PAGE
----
Doctor Duvel

I'm like a sommelier, but for beer.

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Location: Upstate New York, United States

Favorite Beers: Orval, Samuel Smith, Duvel, Hennepin, Oude Gueze, Chimay, Dogfish Head, Anchor Steam, and anything made by Trappist monks.

Monday, February 21, 2005

Cracking the IPA Code

So, having noted that my early IPA's were vexed to nightmare by attenuation issues bred of ignorance, I thought I'd correct the problem just for the sake of frugal yeast use. (There was an allusion there by the way). I figure if the Pale and Barley wines go well, I'll have a yeast cake of Wyeast 1056 still available and there's no reason not to throw a third beer on it. So I thought I'd peruse the options on the IPA front--I figure I'll brew this over spring break along with a Belgian Singel. Info gathering via a great old Brewing Techniques article. . .


British or American?

Oak or no Oak?

Go for a relatively neutral, all-about-the-hops malt profile, or look for a little color and a little balance, a la, say Celebration Ale or Victory's Hop Devil?

American IPA parameters according to David Brockington:
85-95% English or American pale ale malt (Prefer the former)
1-2% Caramel malt
5-10% Munich malt
1-4% Carapils
O.G. >1060
IBU >50

Easy on the Crystal/Caramel malts.

A small dose of wheat is also a nice touch for the head.

This article discourages 1056--add esters by mixing in a touch of something else? Of course 1056 is used for several IPA's I like a lot. . .

Use Burton salts? At any rate, a decent gypsum addition is mandatory

Mash regimen? I want some body, but pretty thorough attenuation. . .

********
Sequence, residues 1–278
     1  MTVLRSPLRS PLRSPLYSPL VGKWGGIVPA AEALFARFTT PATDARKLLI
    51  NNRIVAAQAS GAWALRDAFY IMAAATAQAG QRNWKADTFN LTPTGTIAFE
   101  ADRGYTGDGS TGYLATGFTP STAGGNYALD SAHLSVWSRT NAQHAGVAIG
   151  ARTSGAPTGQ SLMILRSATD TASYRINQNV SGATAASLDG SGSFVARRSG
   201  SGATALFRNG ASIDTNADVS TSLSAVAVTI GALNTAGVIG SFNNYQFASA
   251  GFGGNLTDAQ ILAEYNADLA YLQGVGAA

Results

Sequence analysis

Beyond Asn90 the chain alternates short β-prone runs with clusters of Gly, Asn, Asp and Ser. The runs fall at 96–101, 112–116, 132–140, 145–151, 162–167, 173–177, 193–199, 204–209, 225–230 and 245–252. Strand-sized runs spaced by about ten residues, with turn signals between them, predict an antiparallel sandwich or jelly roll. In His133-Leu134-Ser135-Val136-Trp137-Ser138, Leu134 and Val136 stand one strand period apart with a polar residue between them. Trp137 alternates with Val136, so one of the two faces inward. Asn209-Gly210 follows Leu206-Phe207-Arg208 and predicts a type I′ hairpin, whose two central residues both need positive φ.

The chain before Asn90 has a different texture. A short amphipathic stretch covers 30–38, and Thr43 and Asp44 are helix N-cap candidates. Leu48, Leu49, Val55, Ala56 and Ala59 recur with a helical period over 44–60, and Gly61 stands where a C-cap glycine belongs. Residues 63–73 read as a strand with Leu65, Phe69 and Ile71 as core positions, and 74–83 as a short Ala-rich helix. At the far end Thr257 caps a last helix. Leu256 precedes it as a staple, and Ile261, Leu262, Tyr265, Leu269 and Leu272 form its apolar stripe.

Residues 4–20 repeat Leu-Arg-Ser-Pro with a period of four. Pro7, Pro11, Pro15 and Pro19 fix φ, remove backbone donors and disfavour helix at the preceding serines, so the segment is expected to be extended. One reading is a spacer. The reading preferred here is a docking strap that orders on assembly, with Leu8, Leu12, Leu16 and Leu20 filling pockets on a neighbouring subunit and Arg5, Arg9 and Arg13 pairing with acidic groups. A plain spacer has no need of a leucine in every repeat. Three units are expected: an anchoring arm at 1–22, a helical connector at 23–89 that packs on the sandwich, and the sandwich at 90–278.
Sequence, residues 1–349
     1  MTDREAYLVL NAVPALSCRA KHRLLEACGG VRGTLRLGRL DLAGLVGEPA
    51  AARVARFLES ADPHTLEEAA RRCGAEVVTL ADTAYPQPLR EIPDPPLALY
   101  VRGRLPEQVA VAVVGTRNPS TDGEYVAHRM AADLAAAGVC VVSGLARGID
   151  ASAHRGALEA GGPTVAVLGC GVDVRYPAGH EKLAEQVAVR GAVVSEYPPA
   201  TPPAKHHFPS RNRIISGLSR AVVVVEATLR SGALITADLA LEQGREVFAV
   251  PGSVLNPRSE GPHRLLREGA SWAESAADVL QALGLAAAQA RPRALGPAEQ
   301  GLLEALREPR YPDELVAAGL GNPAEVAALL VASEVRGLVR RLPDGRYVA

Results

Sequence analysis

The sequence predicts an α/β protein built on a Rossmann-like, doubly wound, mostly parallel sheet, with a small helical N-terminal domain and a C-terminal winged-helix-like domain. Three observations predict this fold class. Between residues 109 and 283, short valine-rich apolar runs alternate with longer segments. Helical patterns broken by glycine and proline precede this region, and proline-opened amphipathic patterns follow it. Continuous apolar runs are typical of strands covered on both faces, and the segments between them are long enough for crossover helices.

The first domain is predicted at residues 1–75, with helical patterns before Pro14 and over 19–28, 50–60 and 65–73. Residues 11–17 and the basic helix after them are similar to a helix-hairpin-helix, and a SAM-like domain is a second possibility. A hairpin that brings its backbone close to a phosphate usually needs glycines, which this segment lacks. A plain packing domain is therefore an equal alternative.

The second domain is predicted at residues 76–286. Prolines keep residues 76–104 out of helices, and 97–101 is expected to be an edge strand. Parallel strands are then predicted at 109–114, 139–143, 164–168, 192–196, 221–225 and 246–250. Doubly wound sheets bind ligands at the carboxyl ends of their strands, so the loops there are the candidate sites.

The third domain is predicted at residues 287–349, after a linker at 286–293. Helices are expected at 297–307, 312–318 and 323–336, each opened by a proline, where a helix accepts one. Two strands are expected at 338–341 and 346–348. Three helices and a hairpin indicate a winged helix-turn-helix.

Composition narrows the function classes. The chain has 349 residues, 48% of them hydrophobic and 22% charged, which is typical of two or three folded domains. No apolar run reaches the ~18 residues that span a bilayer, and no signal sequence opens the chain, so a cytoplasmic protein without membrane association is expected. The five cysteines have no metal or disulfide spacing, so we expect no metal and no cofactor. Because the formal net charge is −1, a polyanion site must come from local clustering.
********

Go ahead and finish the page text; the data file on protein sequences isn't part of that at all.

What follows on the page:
Make that tiny shot of crystal a fairly dark crystal for complexity's sake?

Columbus hops are a really key addition in many great IPA's. Single hop variety thing aside, maybe incorporate some?

The malts for Hop Devil are Vienna, Caramunich, and Caramel from Weyermann, plus Centennial, Tettnanger, and Cascades. 1063 and 55. Could easily work out a quasi-clone with that much info if I wanted.

Anderson Valley (yum) is all Columbus and 1062.

Brockington uses a single infusion at 151.

My responses to these issues go something like this. To hell with England; this will be an American IPA. To hell with the oak; I'd rather concentrate on the hops for now. I'm leaning toward the leaner malt profile, but will order the best malts I can, emphasizing Munich and maybe a small dose of something offbeat like Biscuit or Cara-Vienne. I will barely use Crystal at all, just a little bit of something dark. I will throw in about 2 percent wheat. I've already got the Wyeast 1056 lined up and there are different schools of thought on that--will go with that for now, in favor of good, relatively neutral hop presentation. I'll add gypsum for sure. I'll keep the mash in the 150-152 area, keeping unfermentables under control. I'll bitter with Chinook, flavor with Columbus and Chinook, and dry hop primarily with Chinook. I love Chinook, but I think the Columbus will add complexity and something different. Cascades I'll save for another time.
All hops whole.

Consulting the oracle. . .

This leads to the following monstrosity:

For a gravity of 1063:

9.5 lbs Maris Otter
1 lb German Munich
4 oz Cara-pils
4 oz Wheat
3 oz Crstal 60L

Single infusion mash at 150-152. Or could do an upward infusion with a not-so-necessary protein rest, scaling through the 140's briefly.


For 92 IBU's (I think ProMash is exaggerating):

1 oz Chinooks (60 minutes)
1 oz Columbus (15)
2 oz Columbus (5)
.5 oz Columbus (dry)
1 oz Chinook (dry)

Is that too much? Dropping the bittering charge to .75 ounces returns us to a more rational 78 IBU's. That might be best. . . I'll consider.


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